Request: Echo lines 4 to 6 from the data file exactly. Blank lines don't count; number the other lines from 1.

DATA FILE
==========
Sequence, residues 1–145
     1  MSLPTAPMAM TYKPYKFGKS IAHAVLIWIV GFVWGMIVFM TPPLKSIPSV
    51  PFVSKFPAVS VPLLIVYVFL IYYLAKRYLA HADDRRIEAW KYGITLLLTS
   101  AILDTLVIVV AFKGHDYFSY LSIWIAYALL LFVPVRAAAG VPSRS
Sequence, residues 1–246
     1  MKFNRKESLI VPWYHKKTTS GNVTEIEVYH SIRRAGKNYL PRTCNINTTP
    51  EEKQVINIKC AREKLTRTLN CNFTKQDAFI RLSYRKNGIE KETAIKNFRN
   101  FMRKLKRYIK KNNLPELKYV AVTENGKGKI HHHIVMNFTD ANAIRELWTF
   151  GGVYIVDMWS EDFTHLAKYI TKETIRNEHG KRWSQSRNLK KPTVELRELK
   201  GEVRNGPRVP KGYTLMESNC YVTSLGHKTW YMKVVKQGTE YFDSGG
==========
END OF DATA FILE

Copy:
   101  AILDTLVIVV AFKGHDYFSY LSIWIAYALL LFVPVRAAAG VPSRS
Sequence, residues 1–246
     1  MKFNRKESLI VPWYHKKTTS GNVTEIEVYH SIRRAGKNYL PRTCNINTTP